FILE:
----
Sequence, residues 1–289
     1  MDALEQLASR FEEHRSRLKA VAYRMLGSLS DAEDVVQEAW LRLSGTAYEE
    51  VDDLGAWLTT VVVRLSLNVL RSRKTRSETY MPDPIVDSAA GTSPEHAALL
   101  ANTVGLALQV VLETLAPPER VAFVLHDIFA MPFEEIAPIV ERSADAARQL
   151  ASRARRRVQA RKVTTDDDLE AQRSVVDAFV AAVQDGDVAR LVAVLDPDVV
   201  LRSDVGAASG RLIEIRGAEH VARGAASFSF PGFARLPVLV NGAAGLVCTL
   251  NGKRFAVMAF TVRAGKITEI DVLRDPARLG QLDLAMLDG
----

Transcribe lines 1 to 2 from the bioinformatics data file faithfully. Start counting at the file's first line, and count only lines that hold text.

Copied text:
Sequence, residues 1–289
     1  MDALEQLASR FEEHRSRLKA VAYRMLGSLS DAEDVVQEAW LRLSGTAYEE